The media reports from Matador have been confused at best during the course of the operation. Initial reports indicated combat occurred only north of the Euphrates River, while later accounts indicated the push occurred both north and south of the river, driving east to west. At no point was this anomaly explained and there were no serious attempts by the media outlets to explain the overall nature and scale of the operation.
Several accounts, such as this one from ABC News, contradict themselves by reporting the “U.S. Assault Intensifies at Syria Border” (the title of the article) while claiming the US forces “met little resistance” (two paragraphs into the ABC News article):
American forces have met little resistance since the first two days of Operation Matador, aimed at clearing a region believed to be a haven for foreign fighters slipping over the border from Syria, the military said in a statement Friday. American intelligence indicates the insurgents are either in hiding or have fled the region, U.S. Capt. Jeffrey Pool said in the statement.
So which is it? Has the fighting “intensified” or have the Marines “met little resistance” ? How can it be both? As there are few embedded reports in Matador, the answer can be both. The embeds are only reporting what they are witnessing, and it is possible these embeds are not accompanying units heavily engaged in combat.
Wretchard uses an Associated Press account from Syrian observers just across the border from Qaim, and rightly concludes Matador is still being fought with ferocity:
The fighting has been going on for five days. A number of reports have suggested that the Marines have hit an empty sack and that the insurgents had escaped prior to the assault, leaving only those who chose martyrdom to stand and fight. The duration and intensity of the combat suggests otherwise. The Syrian townsfolk report US heavy weapons use (fixed wing, helicopter gunships and probably artillery) and return fire. This type of fire is significant, because heavy weapons are typically used against entrenched enemy fighters. Fixed-wing ordnance is often used to attack positions that cannot be harmed by helicopter missiles because the targets are too strongly built. The fact that many fires are delivered by night is also suggestive, because it recalls Marine tactics in Fallujah, when US forces exploited their superior night vision and surveillance capabilities to maneuver while the enemy was blinded. That in turn implies that the level of enemy resistance is such that individual positions have to be reduced by maneuver and destruction. Reports of return fire from enemy fighters imply they have prepared positions or ammunition caches because it is hard to keep shooting if they only started out with the ammunition in their personal bandoliers. The balance of probability is a significant number of enemy combatants have been caught up in Matador; that the area itself is liberally supplied with defensive positions and the enemy is fighting to the death.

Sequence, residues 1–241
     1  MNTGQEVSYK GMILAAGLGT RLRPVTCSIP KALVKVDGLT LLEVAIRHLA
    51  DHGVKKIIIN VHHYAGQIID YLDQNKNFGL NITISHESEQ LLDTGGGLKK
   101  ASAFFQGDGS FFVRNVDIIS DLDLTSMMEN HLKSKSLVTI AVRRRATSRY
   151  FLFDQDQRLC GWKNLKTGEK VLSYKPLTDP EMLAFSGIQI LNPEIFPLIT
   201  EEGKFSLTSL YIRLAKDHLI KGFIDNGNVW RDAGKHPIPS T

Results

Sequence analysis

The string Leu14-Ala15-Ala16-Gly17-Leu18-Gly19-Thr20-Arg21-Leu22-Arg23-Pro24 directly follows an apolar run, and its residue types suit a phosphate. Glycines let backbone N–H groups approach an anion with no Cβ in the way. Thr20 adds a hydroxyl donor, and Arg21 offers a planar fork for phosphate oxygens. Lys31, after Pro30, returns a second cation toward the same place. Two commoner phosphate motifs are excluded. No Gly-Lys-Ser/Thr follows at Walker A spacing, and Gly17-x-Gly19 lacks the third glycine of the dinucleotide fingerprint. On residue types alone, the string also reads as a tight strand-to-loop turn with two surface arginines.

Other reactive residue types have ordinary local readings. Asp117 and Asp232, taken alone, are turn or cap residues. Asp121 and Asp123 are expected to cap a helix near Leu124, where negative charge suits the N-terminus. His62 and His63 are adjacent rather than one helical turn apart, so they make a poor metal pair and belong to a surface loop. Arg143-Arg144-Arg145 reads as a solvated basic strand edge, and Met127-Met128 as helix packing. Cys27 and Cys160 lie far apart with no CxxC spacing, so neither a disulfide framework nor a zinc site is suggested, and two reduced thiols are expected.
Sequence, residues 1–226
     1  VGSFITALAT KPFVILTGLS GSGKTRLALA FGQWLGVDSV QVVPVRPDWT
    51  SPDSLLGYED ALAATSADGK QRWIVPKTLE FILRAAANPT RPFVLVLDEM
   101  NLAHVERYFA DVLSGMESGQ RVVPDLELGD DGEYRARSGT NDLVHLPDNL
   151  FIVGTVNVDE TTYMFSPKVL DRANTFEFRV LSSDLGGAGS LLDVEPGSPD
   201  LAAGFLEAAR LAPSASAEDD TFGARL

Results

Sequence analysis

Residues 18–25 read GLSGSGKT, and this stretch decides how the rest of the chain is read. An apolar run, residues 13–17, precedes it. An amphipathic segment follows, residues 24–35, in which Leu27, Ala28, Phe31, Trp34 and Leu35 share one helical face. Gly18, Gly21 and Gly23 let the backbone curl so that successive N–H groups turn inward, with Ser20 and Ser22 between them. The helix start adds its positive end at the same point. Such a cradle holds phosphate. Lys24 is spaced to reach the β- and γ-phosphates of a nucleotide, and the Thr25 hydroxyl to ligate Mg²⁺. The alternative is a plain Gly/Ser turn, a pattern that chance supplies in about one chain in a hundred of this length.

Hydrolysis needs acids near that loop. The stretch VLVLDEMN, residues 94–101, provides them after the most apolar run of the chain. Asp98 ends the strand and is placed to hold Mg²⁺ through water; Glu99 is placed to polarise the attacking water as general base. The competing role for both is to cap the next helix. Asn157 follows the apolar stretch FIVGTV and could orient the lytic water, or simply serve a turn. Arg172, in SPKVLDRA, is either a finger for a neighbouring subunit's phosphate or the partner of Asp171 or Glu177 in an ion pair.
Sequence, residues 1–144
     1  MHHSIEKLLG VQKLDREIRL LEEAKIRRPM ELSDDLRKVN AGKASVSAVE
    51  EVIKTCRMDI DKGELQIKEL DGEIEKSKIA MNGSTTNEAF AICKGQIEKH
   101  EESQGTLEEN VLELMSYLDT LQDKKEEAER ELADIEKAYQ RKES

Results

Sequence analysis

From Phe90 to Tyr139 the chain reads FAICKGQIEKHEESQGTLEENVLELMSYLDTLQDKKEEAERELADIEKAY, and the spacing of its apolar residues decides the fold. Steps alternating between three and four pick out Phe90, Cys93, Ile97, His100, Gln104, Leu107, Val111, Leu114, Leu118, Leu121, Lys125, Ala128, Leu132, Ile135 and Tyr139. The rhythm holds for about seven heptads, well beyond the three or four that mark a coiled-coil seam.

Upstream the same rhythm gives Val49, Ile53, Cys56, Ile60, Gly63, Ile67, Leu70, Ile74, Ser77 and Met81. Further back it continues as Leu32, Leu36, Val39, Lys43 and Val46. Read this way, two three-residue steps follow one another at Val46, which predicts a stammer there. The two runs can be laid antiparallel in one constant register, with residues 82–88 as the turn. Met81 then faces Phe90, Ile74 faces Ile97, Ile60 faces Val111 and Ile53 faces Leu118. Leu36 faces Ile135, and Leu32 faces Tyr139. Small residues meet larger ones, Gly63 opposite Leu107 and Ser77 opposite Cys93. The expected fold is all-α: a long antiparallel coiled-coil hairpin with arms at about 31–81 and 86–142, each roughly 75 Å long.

Wretchard’s conclusion is very insightful, but it is not based on rocket science. It is a very simple and sound conclusion reached with an understanding of military affairs and history, and careful culling of the available news accounts available to all journalists.
The media has a serious problem with covering military actions of this nature. There is a basic lack of understanding of military affairs within the journalistic community. This often leads to a misunderstanding of how operations are conducted and disjointed reporting of the battles.
The articles written from the embed accounts only give a small portion of the overall picture. These first hand accounts are very important, but they are single trees within the forest. There is no effort made by the editors and producers of the print and television media to draw together the disparate reports and attempt to gain a larger understanding of the scale, pace, tempo and importance of the operation.
During Matador, Wretchard, Chester, Donald Sensing, Joe Katzman, a host of other bloggers and I attempted to do exactly what the media cannot – provide a comprehensive briefing based on sound logic and experience. No doubt some of the information and conclusions presented in the various maps and analyses are inaccurate as we were dealing with incomplete information. However it is highly likely our conclusions are more accurate and complete than those presented by the traditional media. Our conclusions were based on an understanding of military history, basic tactics and strategy, map reading skills, the careful observation of the situation in Iraq over a long period of time, and in some cases prior military service. I strongly believe this gives us an advantage the traditional media sorely lacks when covering events such as Fallujah and Matador.
Trey Jackson has the video of Oliver North’s report from the field which includes footage from the battles.
Joe Katzman offers the complete roundup of the reports from Matador.